Your personal Yogi: There’s no time like the presentWritten by Jennifer S. White | | email@example.com
To me, autumn sounds like locusts and school buses. It tastes like squash and apples. It feels crisp and clean. The temperature and leaves both fall, and change permeates the air. If you can’t tell, I love fall. However, I don’t love change. Fortunately and unfortunately, change is something that life is all about, but it seems that just when I get used to a routine or pattern something happens to irretrievably shift this well-working machine. For me, this is when yoga reminds me of its constant, dependable presence in my life.
Yoga helps me adapt with change; my mat a stable refuge where I can always retreat. As I step outside into this comparatively chilly weather of a new season, I feel simultaneously surrounded by fall’s fresh beauty and its uneasy reminders of transition. Rather than allow myself to lament the loss of warm, sunny summer days, I choose to embrace the moment and move mindfully into one of my favorite balances poses, Tree Pose.
I adore balance poses. The reason is simple: you are forced to stay present to be successful. As Americans, we are constantly looking forward, and sometimes behind, but we rarely are truly present and fully engaged in the world around us. Balance poses, on the other hand—or foot, as it may be—require us to show up and stay present. Tree pose, in particular, can be as challenging or as simple as the body and mind are ready for. There are several modifications to make this pose more difficult and many to help a balance novice access his or her current state of mind. Balance poses also serve to remind us to be playful; to not take ourselves too seriously, and to remember that falling is an unavoidable part of life.
“The dilemma that people have is that they think that being happy means you’re always happy or that good things always happen to you,” Kathryn Budig, one of the world’s most recognized yoga faces, said from Santa Monica. “Horrible things happen to teach us many things. They teach us lessons. They teach us to be compassionate. It’s the same with postures. We can’t hit the posture every time. You can’t have the peaks without the valleys.”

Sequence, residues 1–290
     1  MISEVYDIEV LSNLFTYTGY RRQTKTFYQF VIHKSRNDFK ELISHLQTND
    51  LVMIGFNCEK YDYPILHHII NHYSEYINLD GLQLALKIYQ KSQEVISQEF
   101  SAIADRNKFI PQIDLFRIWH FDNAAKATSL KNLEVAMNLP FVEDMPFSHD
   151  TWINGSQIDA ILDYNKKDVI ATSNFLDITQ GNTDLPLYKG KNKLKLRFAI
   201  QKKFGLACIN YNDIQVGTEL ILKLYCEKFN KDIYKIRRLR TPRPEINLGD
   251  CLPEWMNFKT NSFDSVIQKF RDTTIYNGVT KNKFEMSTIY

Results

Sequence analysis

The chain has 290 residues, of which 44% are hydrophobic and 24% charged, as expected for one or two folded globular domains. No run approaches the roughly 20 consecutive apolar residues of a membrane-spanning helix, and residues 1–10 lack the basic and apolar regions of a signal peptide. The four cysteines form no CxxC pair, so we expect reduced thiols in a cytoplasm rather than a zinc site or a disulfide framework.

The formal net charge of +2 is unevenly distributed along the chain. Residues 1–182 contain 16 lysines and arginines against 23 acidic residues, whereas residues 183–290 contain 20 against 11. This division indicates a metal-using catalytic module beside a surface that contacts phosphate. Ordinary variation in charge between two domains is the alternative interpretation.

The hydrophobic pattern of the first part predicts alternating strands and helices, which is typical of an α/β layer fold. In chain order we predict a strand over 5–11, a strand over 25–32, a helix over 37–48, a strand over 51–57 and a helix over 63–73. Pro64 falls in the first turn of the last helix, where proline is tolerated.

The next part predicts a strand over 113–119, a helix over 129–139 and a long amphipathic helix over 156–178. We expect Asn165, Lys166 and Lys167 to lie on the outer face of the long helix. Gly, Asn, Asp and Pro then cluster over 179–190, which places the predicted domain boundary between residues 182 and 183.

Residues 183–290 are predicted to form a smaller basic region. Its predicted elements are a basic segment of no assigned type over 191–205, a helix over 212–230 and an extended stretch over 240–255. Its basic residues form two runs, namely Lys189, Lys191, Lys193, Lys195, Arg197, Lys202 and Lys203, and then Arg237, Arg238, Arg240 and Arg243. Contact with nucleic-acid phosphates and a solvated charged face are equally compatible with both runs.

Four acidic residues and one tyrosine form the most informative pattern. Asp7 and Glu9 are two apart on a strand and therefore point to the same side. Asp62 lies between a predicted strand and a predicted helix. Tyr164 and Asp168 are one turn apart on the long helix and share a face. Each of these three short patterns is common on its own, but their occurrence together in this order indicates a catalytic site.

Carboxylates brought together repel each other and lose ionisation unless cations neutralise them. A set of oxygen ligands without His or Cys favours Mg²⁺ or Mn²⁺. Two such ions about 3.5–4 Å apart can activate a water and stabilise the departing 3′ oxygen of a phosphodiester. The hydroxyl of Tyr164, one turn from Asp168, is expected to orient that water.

To begin, stand with toes touching and heels slightly apart. Engage the legs. Draw the knee caps up into the quadriceps and firm the hamstrings. Draw awareness and presence into each toe, and imagine tracing an outline of your foot onto the floor. Press down into this outline of your feet, but lift up from the arch. This is a challenging mind-body exercise to activate the arches of the feet. If this is not yet accessible to your body, simply feel your feet press into the ground; rooting you to your spot in the world.
Next, take your hands to your hips and find a neutral position of the pelvis. Tuck your tailbone just enough to engage the lower abs and lengthen your lower spine. Knit your ribs together in the front; feeling activation throughout the entire core. Slide your shoulders down your back, away from your ears, and find softness in the base of your neck; feel that suppleness radiate up into your jaw, tongue, cheeks, eyes and forehead. Find a spot on the floor about five feet in front of you and relax the skin around your eyes as you fixate your gaze on this task at hand.
With hands still on hips for the moment, lift your right leg while keeping the left leg firm and grounded. If you’re feeling balance challenged, stand with your back against a wall and simply ‘kickstand’ into Tree Pose by placing your right heel directly above your left ankle; the ball of your right foot still on the floor. Use your hands to keep your hips in line with each other while gently nudging your right knee behind you. Feel the hip-opening aspect of Tree Pose as you slowly take the hands together in a prayer position in front of your sternum. Continue to gaze at your focal point and begin to also concentrate on breathing deeply and fully in and out of your nose; making sure to hold the posture and not the breath.
To move further into Tree Pose, root down through the left leg and work the right foot up onto the right calf muscle; being careful to keep the toes tucked in and not spread over the right shin bone. Continue to move the right foot as high onto the left leg as is comfortable, avoiding the knee. The strong and engaged muscles of the left standing leg press into the right foot as the foot pushes into the leg. Maintain awareness in the core and softness in the base of the neck while feeling the deliciousness of staying present and active in your Tree Pose. Hold for five to eight breaths and switch sides.
Now go outside, take in that earthy, autumnal air and find new balance and joy in your life by staying present. Remember, a Tree Pose a day keeps the stress away.
Visit http://kathrynbudig.com/ to learn more about Kathryn Budig or to buy her new Aim True Yoga DVD.